ATO Interpretative Decision
ATO ID 2010/104
SuperannuationExcess contributions tax: restitution of a 'mistaken' contribution
FOI status: may be released
This ATOID provides you with the following level of protection:
If you reasonably apply this decision in good faith to your own circumstances (which are not materially different from those described in the decision), and the decision is later found to be incorrect you will not be liable to pay any penalty or interest. However, you will be required to pay any underpaid tax (or repay any over-claimed credit, grant or benefit), provided the time limits under the law allow it. If you do intend to apply this decision to your own circumstances, you will need to ensure that the relevant provisions referred to in the decision have not been amended or repealed. You may wish to obtain further advice from the Tax Office or from a professional adviser.
Will the Commissioner include the full amount of a personal contribution of $500,000 made by an individual in the individual's non-concessional contributions under section 292-90 of the Income Tax Assessment Act 1997 (ITAA 1997), even though the trustee that received the contribution subsequently repaid $200,000 of it in purported restitution of a payment made for mistake?
Yes, the full amount of the $500,000 personal contribution will be included in the person's non-concessional contributions under section 292-90 of the ITAA 1997 even though part of it was returned.
An individual under the age of 65 made the following personal contributions to a complying superannuation fund:
|Date of contribution||Amount of contribution ($)|
|1 Aug 2006||200,000|
|21 Jan 2007||500,000|
|10 June 2007||500,000|
The contributions made in January and June 2007 were made after the individual obtained financial advice confirming that he was able to contribute $1 million by 30 June 2007.
The individual made the contributions voluntarily to obtain superannuation benefits for his retirement. He was not under any legal obligation to make the contributions, nor did he believe he was under any legal obligation to make them.
The individual did not deduct any of these personal contributions, nor did he at any time intend to deduct any part of these personal contributions.
The fund's trustees reported personal contributions of $1.2 million for the individual in the fund's Member Contributions Statement for the year ended 30 June 2007.
In October 2008 the individual requested the trustees return $200,000 of the $500,000 personal contribution made on 10 June 2007 on the ground that this portion of the contribution was made under a mistake.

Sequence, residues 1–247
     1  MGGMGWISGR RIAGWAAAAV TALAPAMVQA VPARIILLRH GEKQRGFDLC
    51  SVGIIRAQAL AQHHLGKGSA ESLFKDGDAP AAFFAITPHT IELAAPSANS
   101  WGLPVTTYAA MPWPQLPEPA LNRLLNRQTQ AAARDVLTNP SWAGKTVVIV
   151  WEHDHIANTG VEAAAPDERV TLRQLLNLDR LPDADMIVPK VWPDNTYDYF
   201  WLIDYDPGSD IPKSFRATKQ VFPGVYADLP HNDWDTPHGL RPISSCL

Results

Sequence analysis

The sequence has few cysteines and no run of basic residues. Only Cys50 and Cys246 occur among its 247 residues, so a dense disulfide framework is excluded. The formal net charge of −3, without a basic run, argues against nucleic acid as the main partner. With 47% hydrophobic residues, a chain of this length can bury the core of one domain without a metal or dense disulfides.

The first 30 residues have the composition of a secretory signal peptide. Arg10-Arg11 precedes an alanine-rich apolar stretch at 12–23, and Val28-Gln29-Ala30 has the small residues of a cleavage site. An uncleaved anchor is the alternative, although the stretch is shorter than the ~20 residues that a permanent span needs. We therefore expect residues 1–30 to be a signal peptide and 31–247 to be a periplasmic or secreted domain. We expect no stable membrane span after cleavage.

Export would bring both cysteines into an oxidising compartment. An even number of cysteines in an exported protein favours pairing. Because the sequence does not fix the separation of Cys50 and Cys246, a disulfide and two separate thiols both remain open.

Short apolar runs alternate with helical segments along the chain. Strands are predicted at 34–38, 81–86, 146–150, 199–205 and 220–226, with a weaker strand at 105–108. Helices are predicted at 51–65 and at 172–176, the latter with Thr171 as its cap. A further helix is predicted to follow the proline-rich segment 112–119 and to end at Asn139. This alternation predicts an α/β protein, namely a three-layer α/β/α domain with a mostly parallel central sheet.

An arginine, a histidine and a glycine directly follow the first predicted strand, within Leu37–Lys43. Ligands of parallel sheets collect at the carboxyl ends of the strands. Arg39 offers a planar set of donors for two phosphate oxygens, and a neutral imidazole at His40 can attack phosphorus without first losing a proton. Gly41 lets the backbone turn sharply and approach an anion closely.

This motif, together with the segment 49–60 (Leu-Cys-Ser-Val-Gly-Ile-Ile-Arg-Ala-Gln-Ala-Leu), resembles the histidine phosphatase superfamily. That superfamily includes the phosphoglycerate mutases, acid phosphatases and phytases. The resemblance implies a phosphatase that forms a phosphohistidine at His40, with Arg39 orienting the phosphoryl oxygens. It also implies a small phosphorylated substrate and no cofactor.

He asserted to the fund trustees that his mistake was that he was unaware of the exact dates between which the relevant non-concessional contributions totalling $1 million could be made. That is, he effectively asserted he was unaware his August 2006 contribution would be counted towards the $1 million non-concessional contributions cap.
The trustee decided the individual would have contributed only $300,000 of his June 2007 contribution but for his mistake and paid him $200,000 purportedly under the law of restitution for mistake.
The fund adjusted the member's account by reducing the June 2007 contribution to $300,000 and amended their Member Contributions Statement to report $1 million personal contributions for the individual for the 2007 year.
Reasons for Decision
Treatment of the contributions
Each of the three personal contributions made by the individual in the transitional financial year (section 292-80 of the Income Tax (Transitional Provisions) Act 1997 provides that the period 10 May 2006 to 30 June 2007 is treated as a financial year for the purposes of section 292-90 of the ITAA 1997 (among other provisions)) 10 May 2006 to 30 June 2007 were to provide superannuation benefits for the individual and were correctly accepted in accordance with subregulation 7.04(1) of Superannuation Industry (Supervision) Regulations 1994 (SISR).
Each of the three personal contributions made by the individual in the transitional financial year were non-concessional contributions as defined in subsection 292-90(2) of the ITAA 1997. The contributions were not assessable income of the fund as they were not covered by a valid and acknowledged notice of intent to deduct (see section 274 of the Income Tax Assessment Act 1936 and section 295-190 of the ITAA 1997), and these contributions were not specifically excluded from being non-concessional contributions by paragraph 292-90(2)(c) or subsection 292-90(3) of the ITAA 1997.
Restitution for mistake
The High Court in David Securities Pty Ltd v Commonwealth Bank of Australia  HCA 48 at 40; (1992) 175 CLR 353 at 374; (1992) 109 ALR 57 at 73-74 (David Securities case) said that no distinction should be made between a mistake of law and a mistake of fact as a ground for restitution provided the mistake caused the payment. The majority judgment expressed the view that adopting a principle founded firmly on the policy that the law wishes to uphold bargains and enforce compromises freely entered into, would be more accurate and equitable than defining mistake as a supposition that a particular fact is true (David Securities case at HCA 44, CLR 374, ALR 74-75).
The majority of the High Court in the David Securities case did not identify the applicable test of causation, however, it is suggested that to establish that the mistake was a cause of the payment, the plaintiff would need to establish that the payment would not have been made if he had known of his mistake at the time of the payment (Erbacher S, Australian Restitution Law, 2nd ed. Cavendish Publishing, Australia, 2002, p 103).